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RHINELANDER BREWING COMPANY

43 South Brown Street Rhinelander Wisconsin 54501

©2017 by Rhinelander Shorty Beer

By Craig Mandli (Editor)

'SHORTY' IS BACK IN TOWN

Jyoti Auluck was having trouble holding back her smile Wednesday as a dream more than two years in the making came much closer to fruition. Auluck, the President/ Owner of Rhinelander Brewing Company, served as the Master of Ceremonies for a party unveiling her company's Rhinelander Export Lager "Shorty" (7 oz) bottle back to the open market.

According to Auluck, the project took more than two years of hard and often frustrating work to complete requiring a sizeable capital investment, including creating brand new molds for the Shorty style bottle,creating a retro label design, equipping Monroe-based Minhas Craft Brewery to package the unusually shaped Shorty bottle, and most importantly, working diligently to perfecting the recipe and creating the taste of the original Rhinelander Shorty beer.

"Really all we had to start with was the name," said Auluck. "We pretty much had to create everything else from scratch." Auluck, who has a background in finance and retail beverage sales, said she decided to purchase the historic Rhinelander brand due to its untapped potential in the beer market. She said that while the sagging economy has hindered business expansion, the recent popularity of "Retro brews" such as Schlitz and Pabst Blue Ribbon has positioned Rhinelander's namesake brew to once again go toe-to-toe with the products that were once its major competitors.

"Retro brands are making a huge comeback in the beer market right now," said Auluck. "The older generations want to remember the beers that they drank when they were younger, and the younger generations are looking for something different. I'm very optimistic about the future of this brand." Auluck said she plans to actively promote and market the Rhinelander brand, and hopes to increase sales volume to the point where opening a Rhinelander Brewing Company brewery in the city will make sense.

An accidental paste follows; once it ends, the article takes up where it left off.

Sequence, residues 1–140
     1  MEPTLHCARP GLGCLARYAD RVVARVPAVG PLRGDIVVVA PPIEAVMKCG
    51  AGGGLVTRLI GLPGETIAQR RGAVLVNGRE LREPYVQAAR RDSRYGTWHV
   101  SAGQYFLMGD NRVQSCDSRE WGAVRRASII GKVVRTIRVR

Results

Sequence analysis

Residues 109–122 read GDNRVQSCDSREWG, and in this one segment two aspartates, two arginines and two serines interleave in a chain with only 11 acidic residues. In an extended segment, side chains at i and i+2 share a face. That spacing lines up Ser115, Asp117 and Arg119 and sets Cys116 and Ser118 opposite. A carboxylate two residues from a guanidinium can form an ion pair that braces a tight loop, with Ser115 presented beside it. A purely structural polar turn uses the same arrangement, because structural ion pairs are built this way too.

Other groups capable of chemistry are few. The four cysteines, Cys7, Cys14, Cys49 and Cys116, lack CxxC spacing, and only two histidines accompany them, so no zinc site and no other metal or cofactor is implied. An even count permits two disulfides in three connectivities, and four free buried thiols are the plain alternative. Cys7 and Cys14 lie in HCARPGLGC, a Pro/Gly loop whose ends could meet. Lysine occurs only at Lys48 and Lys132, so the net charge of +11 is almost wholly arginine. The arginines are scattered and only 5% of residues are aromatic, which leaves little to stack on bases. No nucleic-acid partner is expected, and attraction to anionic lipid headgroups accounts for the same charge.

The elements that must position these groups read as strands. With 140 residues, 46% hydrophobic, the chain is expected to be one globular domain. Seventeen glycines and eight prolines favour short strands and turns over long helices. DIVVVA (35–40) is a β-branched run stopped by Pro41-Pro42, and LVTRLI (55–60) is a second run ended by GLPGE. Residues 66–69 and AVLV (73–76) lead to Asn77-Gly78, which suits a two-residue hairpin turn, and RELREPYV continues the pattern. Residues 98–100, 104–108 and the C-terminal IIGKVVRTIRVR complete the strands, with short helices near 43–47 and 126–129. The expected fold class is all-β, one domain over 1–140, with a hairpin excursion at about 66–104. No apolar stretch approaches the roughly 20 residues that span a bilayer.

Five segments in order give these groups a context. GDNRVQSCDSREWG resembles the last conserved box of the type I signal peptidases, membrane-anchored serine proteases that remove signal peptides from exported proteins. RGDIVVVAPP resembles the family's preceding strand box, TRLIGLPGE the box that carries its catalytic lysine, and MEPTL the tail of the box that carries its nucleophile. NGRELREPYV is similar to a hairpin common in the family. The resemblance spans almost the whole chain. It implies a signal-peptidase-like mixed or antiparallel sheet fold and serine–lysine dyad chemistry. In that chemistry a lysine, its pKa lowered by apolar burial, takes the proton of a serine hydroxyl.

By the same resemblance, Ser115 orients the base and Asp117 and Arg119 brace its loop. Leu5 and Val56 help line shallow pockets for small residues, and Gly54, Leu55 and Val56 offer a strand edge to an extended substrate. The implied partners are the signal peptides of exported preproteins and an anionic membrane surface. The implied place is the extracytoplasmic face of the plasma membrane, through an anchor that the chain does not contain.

"We need to brew 30,000 barrels annually to justify building a brewery in Rhinelander," explained Auluck. "Right now we are at 4,000 barrels, but that number is increasing every day. I truly believe that this brand has the potential to produce those numbers, and we'll be breaking ground on a brewery within the next few years."

According to Auluck, the initial response throughout Wisconsin has been nothing short of amazing. She said almost every retail store and tavern in and around Rhinelander is selling the Rhinelander Shorty Export Lager. In fact, the first batch out of production sold out in a matter of weeks, with the second batch hitting store shelves last week. "People have just loved the product so far," said Auluck. "We were very careful to use the original recipe that people remember from when it was brewed in Rhinelander."

While the Shorty is new to the market, Auluck has been marketing kegs of Rhinelander Export Lager for the past year. There have already been more than 100 placements of the beer in Madison, Milwaukee and other parts of the state of Wisconsin, with orders received from as far as Auluck's home country, Canada. Auluck recently hired a marketing manager, Brenda O'Rourke, who will be working out of an office located at 59 South Brown St. in downtown Rhinelander.

"I feel that it is very important that Rhinelander Export Lager have a presence in the city," said Auluck. "If we are going to succeed in launching this brand worldwide, everyone in Rhinelander will have to take pride in it." While Rhinelander Beer has always been on the market, it hasn't been produced in Rhinelander since the historic Rhinelander Brewery closed its Ocala Road plant in 1967, following a 85 year run. The Joseph Huber Brewing Company purchased the Rhinelander brands as well as their recipes, which they soon changed. Despite a precipitous drop in sales volume, the beer has been continuously produced in Monroe for the last 42 years.

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Star Journal photo by Craig Mandli

Rhinelander Brewing Company President/Owner Jyoti Auluck, left, and Rhinelander Mayor Dick Johns toast with "Shorty" bottles of Rhinelander Export Beer during the official unveiling party for the new product Wedneseday evening at the Claridge Clubhouse.

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